Tag: giverny

Saturday, May 20 – Monday, June 5

Saturday, May 20 – Monday, June 5

On Saturday, I did another excursion with the school to see Giverny, a village in northern France where Monet lived and painted. We took a bus from the school and first went to the Impressionism museum where they had a temporary exhibit of music in impressionism. They had paintings of violinists, guitarists, pianists, and dancers, so of course, I loved it. There were a lot of paintings by the painters we studied in art class.

Then, a few of us walked around some gardens just outside of the museum, wandered around the village, and walked in a couple of art galleries.


We walked back to the bus to get our lunches and ate on the grass with some other students. We all met outside of the museum and then walked to Claude Monet’s house and gardens (Monet had designed the gardens, which have been maintained to look how they did when Monet lived there).

We walked through the gardens in the backyard with all the flowers first:

Then, we walked through the Japanese gardens:

It was fun taking pictures in the gardens. If only I knew how to paint…

On Monday, I gave the dreaded 20-minute presentation on how to fight against burn-out in my language class. At dinner, we were talking to our host parents about anglicisms and how French people use a lot of English words like “burn-out” or “DJ” (or “jet set”… I had never even heard that one in English before). I explained how Emily and I have trouble understanding them when they say English words because we try to find a French word in what they said, but it’s not French.

Wednesday was our last day of classes before exams. Emily and I ate lunch outside and some of the professors brought in food for the last class. After dinner, we left for our Barcelona trip.

When we came back on Sunday, Emily wanted to stop and buy a pastry on the walk home from the train station, so we went to a boulangerie and when she bought it, the man asked what color rose she wanted. She said she didn’t want one, but he handed her one anyway. On the way home, we were trying to figure out why they were passing out roses and I said it must be their Mother’s Day or something. When we got home, I checked online and saw that I was right, so Emily gave it to our host mom.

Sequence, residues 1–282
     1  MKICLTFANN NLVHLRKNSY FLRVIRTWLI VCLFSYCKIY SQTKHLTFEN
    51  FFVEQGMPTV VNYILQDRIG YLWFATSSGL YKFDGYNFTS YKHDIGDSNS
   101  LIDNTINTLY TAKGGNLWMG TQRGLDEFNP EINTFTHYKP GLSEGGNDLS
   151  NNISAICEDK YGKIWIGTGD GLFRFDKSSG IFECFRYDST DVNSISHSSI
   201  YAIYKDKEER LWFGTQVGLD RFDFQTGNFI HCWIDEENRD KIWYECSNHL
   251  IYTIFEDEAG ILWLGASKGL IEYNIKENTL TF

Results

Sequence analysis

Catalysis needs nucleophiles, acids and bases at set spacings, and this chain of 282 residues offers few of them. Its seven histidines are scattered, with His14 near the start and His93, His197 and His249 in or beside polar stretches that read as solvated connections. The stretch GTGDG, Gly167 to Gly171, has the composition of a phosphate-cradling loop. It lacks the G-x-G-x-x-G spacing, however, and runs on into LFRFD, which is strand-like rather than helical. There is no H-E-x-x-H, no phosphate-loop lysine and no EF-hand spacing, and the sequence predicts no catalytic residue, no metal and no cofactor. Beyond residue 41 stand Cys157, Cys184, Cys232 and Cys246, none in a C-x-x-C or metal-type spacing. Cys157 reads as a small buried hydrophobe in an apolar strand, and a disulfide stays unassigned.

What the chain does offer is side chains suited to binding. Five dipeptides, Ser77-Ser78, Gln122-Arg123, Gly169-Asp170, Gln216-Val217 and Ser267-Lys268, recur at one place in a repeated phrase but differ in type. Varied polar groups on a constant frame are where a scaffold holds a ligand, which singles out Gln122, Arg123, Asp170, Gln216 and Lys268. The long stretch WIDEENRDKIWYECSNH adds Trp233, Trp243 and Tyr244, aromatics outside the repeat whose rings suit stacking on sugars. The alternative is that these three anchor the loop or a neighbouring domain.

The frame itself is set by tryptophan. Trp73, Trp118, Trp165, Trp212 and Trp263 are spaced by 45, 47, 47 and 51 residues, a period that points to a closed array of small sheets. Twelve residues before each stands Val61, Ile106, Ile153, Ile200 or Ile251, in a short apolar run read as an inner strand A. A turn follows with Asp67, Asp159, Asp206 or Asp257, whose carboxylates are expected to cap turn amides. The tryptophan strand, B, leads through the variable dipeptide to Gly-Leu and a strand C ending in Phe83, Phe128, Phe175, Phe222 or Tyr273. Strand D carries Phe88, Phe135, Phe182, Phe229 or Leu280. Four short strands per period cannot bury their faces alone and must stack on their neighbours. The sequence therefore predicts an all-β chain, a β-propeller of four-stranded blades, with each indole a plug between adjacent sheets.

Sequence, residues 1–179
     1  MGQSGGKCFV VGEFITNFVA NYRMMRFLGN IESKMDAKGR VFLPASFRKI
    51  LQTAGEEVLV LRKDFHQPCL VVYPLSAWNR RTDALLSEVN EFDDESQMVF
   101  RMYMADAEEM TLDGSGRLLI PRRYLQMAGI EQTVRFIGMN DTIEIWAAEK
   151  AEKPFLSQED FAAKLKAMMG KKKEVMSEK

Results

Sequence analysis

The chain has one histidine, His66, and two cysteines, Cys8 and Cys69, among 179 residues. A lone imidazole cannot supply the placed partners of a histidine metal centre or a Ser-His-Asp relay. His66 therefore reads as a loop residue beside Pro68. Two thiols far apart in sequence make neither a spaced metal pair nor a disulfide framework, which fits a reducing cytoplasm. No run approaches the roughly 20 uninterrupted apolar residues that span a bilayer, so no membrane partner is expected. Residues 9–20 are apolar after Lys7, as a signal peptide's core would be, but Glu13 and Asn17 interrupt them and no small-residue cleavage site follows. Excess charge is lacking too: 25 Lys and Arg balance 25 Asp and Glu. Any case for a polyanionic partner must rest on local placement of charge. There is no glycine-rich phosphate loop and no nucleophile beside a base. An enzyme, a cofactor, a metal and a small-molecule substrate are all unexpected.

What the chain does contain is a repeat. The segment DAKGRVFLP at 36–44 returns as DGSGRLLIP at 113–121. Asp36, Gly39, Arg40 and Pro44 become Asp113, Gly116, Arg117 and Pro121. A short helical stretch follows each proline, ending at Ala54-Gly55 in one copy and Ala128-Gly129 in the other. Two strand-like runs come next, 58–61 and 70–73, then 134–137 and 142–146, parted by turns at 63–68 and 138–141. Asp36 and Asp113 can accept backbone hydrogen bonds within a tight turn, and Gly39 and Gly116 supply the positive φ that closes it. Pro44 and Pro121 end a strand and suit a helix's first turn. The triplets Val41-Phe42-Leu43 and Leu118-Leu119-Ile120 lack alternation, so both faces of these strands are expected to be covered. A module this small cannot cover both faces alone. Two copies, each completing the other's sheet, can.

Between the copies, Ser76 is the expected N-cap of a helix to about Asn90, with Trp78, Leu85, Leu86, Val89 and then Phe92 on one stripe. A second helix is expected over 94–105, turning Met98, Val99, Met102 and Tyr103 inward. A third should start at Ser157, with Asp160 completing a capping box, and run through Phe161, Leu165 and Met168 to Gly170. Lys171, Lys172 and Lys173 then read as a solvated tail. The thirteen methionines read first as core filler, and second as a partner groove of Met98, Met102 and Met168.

I had exams Monday through Thursday, so I took exams and studied most of Monday and Tuesday. On Wednesday, I took the art exam and then walked downtown to find the art on display. The city of Angers had people paint some buildings to bring art into the streets.

It was nice to see downtown in the summer with flowers:

I walked across the bridge and walked around town on the other side of the river since that was one of the parts of the city I hadn’t explored yet.

On Thursday, I had my last exam, which was an oral debate between another student and I. After getting groceries, I met Edmée and her husband at their apartment. Edmée showed me a map of where they have hiked in Europe. Over the course of three years, they had hiked 900 km across southern France and northern Spain. They did another 900 in northwestern Spain along the coast, and now they’re working on the coast of the Brittany region. She then brought out some desserts she made for me to try: a pudding-like cream and chocolate salami.

Friday was Emily’s last full day in Angers, so we went on a walk and stopped at McDonald’s to get ice cream. We came back and watched a French comedy movie.

I went to the train station with Emily on Saturday and then I finally went to the big market near the station that everyone told me about. It was a pretty big market with all kinds of food, clothes, and jewelry.

On Sunday, I ate breakfast as my host dad told me about the terrorist attack in London. I finished packing and then he drove me to the train station. I ran into another girl from CMU, who happened to be taking the same train to head home. We got off at the airport and I took a shuttle to a hotel. I flipped through some French TV channels for awhile and went to bed.

I flew back on Monday. It felt a little weird being back, but mostly felt like I was just there. Here’s a quick FAQ since everyone’s been asking me about my trip: Are you planning on living in France? No, but I definitely have a list of places to travel next in Europe. Did you learn a lot? Yes. I expected to pick up on more vocabulary, but it’s definitely a lot easier to speak and understand people. Are you fluent? I guess… I can hold a conversation and talk around words I don’t know, although there are still a lot of words I don’t know that a five-year-old French kid would know (doorknob, tile, bucket…). Favorite place you went? Cinque Terre. Favorite place in France? Nice. Do you feel like a changed person? I ate Italian gelato and my whole world changed.

It really was a great experience. When I look back through my pictures, I can’t believe all the places I went. Thanks for reading my blog, I hope you enjoyed it 🙂